HORROR OF DRACULA not only contains the best ending in the Hammer Dracula series, but it’s also the most dramatic and memorable ending of any Dracula movie period.

It’s one for the horror movie history books.

 

THE BRIDES OF DRACULA (1960)

Christopher Lee declined to play Dracula again in Hammer’s proposed sequel to HORROR OF DRACULA from fear of being typecast.  Of course, he would change his mind several years later.

But in 1960 Hammer went ahead without Lee and made THE BRIDES OF DRACULA (1960), a film that in spite of its title did not feature Dracula, but instead one of Dracula’s disciples, Baron Meinster (David Peel).  Hammer did get Peter Cushing to return to play Van Helsing once again.

The ending to THE BRIDES OF DRACULA, while not as memorable as the ending to HORROR OF DRACULA, is very good.  The film was directed by Hammer’s best director, Terence Fisher, who also directed HORROR, and he goes all out with this one.  THE BRIDES OF DRACULA may be the best looking of the Hammer DRACULAS- it’s certainly the most atmospheric, and is one of the most atmospheric vampire movies ever made.  For some fans, THE BRIDES OF DRACULA is their favorite Hammer Dracula, and considering that Christopher Lee isn’t in the movie,that’s saying quite a lot.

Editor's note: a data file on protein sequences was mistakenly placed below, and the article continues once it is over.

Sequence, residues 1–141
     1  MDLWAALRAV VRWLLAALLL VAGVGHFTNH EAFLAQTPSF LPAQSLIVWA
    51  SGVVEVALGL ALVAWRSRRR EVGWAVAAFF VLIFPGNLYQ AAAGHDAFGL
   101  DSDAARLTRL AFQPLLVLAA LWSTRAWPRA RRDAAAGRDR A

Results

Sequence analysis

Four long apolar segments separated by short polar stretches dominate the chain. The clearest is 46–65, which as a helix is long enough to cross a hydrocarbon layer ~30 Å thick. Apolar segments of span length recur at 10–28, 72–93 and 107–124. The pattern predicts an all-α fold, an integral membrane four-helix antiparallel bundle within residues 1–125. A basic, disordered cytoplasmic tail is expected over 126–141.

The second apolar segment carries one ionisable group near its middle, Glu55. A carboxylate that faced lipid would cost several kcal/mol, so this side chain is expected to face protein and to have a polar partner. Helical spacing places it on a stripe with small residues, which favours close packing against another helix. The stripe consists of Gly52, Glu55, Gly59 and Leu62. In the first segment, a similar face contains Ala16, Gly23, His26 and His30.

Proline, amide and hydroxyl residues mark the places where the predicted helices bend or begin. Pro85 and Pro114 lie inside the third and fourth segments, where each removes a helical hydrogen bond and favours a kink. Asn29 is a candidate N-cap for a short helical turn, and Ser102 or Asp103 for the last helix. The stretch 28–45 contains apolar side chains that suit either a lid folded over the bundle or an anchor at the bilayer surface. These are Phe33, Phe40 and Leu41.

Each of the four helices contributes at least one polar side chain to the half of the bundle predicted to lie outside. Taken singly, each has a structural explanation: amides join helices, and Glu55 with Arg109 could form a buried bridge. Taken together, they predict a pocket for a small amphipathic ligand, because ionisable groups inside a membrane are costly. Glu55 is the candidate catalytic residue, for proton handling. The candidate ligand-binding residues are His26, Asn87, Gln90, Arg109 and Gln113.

The ending, as directed by Fisher, is every bit as atmospheric as the rest of the film.  One of my favorite shots is when Van Helsing (Peter Cushing) enters the old windmill in search of Baron Meinster.  Its shot with purple lighting, and Van Helsing is backlit, and it makes for an indelible image.  It’s also reminiscent of the scene in THE EXORCIST (1973) when Father Merrin (Max Von Sydow) first enters Regan’s home.  I’ve often wondered if EXORCIST director William Friedkin was influenced by this scene in THE BRIDES OF DRACULA.

van helsing entrance

One of the most memorable parts of the ending comes when Meinster and Van Helsing battle, and this time Meinster wins and actually bites Van Helsing, setting up one of the most memorable scenes in the film, where Van Helsing uses a hot poker to burn the bites on his neck before dousing them with holy water, in effect curing him of the vampire’s bite.  Once again, Hammer takes liberties with vampire lore, but it again sure makes grand horror cinema!

vh-burns-the-evil-out

Later, Van Helsing burns Meinster’s face with holy water, setting up the film’s dramatic conclusion, where Van Helsing leaps onto the wings of the windmill, using it to form a shadow of a cross which falls on Meinster and destroys him.  Terence Fisher purposely did not show the shadow of the windmill but only of the wings, and he did this for full dramatic cinematic effect.

BridesofDraculashadow

As Hammer Dracula endings go, this one is one of the more understated, as Meinster simply collapses, and we do not see him distintegrate.  For story purposes, this makes sense, since unlike Dracula who was centuries old, Baron Meinster had only been a vampire for a relatively brief time.